Figure 7- Recto 26. The Beast with seven heads and seven crowns depicted trampling people.
Apocalypse Manuscripts such as this represent an important cultural and religious facet of medieval European life, as well as being beautiful, strange artistic works in their own right. The trip to view the original L’Apocalypse in the National Library of France might be beyond the means of many local lovers of rare books and medieval art/manuscripts; fortunately, the trip to view the reproduction is far simpler, and the staff at UASC would be pleased to let those interested discover it for themselves.
About the Manuscript
Because the reproduction of the original L’Apocalypse 1313 is a faithful one, a description of one manuscript also describes the other.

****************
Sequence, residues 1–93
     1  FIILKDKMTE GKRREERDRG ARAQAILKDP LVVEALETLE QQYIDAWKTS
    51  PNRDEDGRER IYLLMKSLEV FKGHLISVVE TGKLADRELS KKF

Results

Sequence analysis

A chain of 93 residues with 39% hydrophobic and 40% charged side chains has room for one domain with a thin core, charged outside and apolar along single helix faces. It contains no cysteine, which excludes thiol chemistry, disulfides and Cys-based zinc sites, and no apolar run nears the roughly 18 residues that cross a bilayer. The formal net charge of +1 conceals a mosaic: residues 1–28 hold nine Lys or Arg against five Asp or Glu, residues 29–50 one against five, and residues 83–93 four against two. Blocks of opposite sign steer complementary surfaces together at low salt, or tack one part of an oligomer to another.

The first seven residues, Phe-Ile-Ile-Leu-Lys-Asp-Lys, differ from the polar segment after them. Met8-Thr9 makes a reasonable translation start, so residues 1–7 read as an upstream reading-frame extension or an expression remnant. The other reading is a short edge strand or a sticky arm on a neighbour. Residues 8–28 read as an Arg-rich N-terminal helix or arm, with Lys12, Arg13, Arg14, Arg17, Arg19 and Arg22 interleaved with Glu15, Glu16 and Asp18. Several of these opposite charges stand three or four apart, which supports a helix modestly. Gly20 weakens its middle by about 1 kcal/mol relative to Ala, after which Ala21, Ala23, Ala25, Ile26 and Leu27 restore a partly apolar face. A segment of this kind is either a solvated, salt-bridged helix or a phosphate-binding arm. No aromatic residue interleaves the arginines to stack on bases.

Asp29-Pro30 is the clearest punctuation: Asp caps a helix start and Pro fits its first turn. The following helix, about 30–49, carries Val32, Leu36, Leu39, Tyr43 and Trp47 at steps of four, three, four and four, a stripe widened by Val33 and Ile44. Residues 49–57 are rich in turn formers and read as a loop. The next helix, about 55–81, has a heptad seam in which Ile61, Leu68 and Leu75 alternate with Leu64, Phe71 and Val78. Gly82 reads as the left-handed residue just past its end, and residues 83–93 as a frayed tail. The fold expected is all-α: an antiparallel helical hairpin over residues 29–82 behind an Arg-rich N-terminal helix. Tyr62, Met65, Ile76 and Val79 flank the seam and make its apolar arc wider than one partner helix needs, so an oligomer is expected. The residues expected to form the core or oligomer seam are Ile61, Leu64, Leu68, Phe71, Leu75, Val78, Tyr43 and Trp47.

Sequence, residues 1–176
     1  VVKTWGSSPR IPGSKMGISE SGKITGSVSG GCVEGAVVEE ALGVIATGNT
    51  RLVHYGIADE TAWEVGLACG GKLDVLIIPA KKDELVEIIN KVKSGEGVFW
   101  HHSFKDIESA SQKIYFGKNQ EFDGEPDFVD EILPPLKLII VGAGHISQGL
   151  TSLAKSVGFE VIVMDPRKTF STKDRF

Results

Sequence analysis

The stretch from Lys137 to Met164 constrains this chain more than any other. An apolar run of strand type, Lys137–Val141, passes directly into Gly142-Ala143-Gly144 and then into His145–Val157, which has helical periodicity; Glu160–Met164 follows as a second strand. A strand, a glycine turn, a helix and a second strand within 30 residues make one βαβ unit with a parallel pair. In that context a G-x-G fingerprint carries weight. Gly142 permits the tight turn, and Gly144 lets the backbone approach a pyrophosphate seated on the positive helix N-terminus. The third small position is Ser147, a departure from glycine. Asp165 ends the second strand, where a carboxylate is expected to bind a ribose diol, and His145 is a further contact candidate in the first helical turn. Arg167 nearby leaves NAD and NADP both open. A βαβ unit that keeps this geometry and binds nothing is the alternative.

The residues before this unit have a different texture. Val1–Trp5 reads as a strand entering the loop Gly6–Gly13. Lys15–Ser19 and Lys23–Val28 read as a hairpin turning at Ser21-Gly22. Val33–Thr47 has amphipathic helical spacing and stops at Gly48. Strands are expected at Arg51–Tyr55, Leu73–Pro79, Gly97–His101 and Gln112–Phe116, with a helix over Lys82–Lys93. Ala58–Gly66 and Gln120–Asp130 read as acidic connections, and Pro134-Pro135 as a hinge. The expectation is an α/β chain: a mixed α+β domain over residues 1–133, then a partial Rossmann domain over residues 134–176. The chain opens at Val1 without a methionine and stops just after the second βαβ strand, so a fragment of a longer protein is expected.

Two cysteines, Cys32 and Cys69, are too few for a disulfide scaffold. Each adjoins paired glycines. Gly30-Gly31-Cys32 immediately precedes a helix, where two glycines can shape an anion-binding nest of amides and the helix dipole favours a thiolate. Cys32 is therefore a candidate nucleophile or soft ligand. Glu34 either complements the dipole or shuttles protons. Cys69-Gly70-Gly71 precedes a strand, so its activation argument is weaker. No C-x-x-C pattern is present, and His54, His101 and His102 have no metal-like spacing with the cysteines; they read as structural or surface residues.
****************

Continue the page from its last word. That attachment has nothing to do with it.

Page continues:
Figure 8- Recto 165 & 166.These pages are an example of the reproduction’s attention to detail. The original L’Apocalypse has had parts of Recto 165 torn away, which is exactingly shown here.
L’Apocalypse 1313 is a small volume; including the bindings, it measures only 23.7 centimetres high, 16.7 centimetres wide and about 6 centimetres thick on average. The book is bound using wooden boards and six ribs. T he ribs, head and tail all have gold fillet adorning them, though this decoration appears to have been added in more historically recent times. The volume consists of 167 folios and two unnumbered leaves.
Given the volumes physical size and its patron, it was likely intended to be a non-ceremonial book; that is, it is small enough to be used and carried on a regular basis. This notion of usability is supported by the genre of the volume; exegetical works such as L’Apocalypse were intended to guide readers in contemplative meditation on the allegories of the Book of Revelations.
Figure 9- Verso 19. The writing in the margins and centre spacing between the main text columns is unusual for this volume.